To deny or disown any part of our experience leaves us dangerously incomplete and especially vulnerable to our shame. The lifeblood of shame is secrecy, fed by the dark fear of being found out. To grow toward wholeness in the context of our family home, we have to open all the doors and windows to let in air and light. Then for us at last, healing will begin.
"You and I are children of mud, earthy and moist," Jane Smiley writes in A Thousand Acres. "We're not all fire and light - no matter how much we wish otherwise." Facing this truth, we reach another turning point:
It is in the acceptance of all that was and is that our spirits become whole.
Bill Moyers described acceptance as wholeness and health in an interview about his book, Healing and the Mind:
"Health is... a state of mind that recognizes the history of life, which includes moments of great delight and moments of deep sorrow. When we see all these parts of our being as connected, we come to terms with where we come from, who we are and where we're going. Health is a whole."
In the process of becoming whole, we may say we "have spirituality." But spirituality isn't an event or a possession. It's a way of living and being. Spirituality doesn't mean we never get hurt again, or that we are always smiling, always happy, never angry, and never scared. In part, spirituality means that when we are hurt or afraid we can respond without making matters worse. Also, as we change course and take steps on this spiritual road, we are able to enjoy the good feelings of being solidly balanced, open and unguarded, peaceful about the past and generally positive about how we are living in the present.
Note: This article was originally published in the Winter 2007 edition of MeadowLark, the magazine for The Meadows alumni.
Techniques for Managing Post-Traumatic Stress Disorder
By Lara Rosenberg
This article is based on a workshop that Lara gave February 13 - 14, 2006, in Sri Lanka hosted by the INGO RedR. The workshop is focused on staff working with individuals, families, and communities that have experienced or continue to experience traumatic events. It was an introductory workshop of particular value for staff having community experience, but limited or no psychological training. It was assumed that participants had prior knowledge of stress.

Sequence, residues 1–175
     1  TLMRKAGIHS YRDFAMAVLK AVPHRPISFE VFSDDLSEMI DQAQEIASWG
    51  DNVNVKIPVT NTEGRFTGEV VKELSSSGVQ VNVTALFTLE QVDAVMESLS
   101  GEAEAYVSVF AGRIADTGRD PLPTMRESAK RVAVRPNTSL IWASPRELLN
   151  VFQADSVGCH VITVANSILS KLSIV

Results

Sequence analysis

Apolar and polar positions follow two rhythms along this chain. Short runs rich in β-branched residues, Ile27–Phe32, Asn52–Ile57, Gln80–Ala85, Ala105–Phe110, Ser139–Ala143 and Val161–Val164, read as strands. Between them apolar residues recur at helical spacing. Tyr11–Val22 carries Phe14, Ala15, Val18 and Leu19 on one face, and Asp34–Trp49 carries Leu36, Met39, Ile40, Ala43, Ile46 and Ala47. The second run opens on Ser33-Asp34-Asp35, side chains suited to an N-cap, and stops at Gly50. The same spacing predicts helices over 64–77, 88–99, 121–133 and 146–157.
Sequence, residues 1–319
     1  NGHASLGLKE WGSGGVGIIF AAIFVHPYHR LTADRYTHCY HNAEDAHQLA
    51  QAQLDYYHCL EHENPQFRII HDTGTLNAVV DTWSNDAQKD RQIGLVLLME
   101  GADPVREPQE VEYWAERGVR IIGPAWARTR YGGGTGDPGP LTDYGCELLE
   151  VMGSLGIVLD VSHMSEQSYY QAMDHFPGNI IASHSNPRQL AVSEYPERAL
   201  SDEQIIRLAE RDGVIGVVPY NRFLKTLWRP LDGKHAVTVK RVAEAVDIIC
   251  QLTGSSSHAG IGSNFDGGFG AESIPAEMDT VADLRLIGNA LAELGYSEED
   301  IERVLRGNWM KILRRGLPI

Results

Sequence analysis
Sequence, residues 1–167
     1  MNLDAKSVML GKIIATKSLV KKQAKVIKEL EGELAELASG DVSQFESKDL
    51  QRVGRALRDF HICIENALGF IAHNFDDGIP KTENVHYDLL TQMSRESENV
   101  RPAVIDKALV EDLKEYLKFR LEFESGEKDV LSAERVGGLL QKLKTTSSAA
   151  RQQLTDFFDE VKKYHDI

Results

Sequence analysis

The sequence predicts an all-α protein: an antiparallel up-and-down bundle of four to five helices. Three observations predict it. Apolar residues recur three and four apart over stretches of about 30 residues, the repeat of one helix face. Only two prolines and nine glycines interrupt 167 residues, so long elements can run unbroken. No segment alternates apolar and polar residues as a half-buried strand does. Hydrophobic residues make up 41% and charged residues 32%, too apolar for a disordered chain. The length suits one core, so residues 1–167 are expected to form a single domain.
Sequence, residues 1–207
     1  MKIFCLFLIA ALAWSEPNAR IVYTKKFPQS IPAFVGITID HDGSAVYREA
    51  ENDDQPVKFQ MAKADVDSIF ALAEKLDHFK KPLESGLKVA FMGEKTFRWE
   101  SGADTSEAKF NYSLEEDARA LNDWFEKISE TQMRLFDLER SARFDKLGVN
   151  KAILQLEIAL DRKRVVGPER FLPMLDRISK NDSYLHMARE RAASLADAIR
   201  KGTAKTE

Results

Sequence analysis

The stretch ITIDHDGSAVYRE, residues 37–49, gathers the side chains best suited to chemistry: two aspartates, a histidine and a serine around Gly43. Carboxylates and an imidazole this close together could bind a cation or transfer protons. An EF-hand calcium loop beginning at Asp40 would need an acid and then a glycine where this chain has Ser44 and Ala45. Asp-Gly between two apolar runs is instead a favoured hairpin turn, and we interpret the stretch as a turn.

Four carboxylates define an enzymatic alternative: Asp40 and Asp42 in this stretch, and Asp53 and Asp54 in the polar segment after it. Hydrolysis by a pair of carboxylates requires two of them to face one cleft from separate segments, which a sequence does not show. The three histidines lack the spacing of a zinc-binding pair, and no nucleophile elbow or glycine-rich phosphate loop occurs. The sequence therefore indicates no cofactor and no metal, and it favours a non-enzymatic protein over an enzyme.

Stress affects us in many ways: cognitively, affectively, physiologically, and behaviorally. "Stress" is a broad term. It's part of all of our lives; each individual has his own ideas of how to define it. There are many definitions given to stress, but the important underlying factor is that stress results from a change in one's environment and requires an adjustment. The environmental changes that require us to adapt and adjust are known as "stressors" they can include anything out of the ordinary. Many think of stress as only negative, but it can be positive and necessary to our healthy development. The ways in which we adapt to our environments leave some stimulated and others with feelings of fear, nervousness, and confusion, which lead us to either solve or avoid a problem. Change always brings extra pressure, as individuals have to adapt to new circumstances.
Humans and animals are born with the capacity to react to threatening situations in adaptive ways; the "fight or flight response" allows individuals to experience resilience in response to danger. Bessel van der Kolk (1994) describes the fight response as hyper-arousal or protest and the flight response as freezing or numbing sensations, which allow individuals to avoid consciously experiencing the event.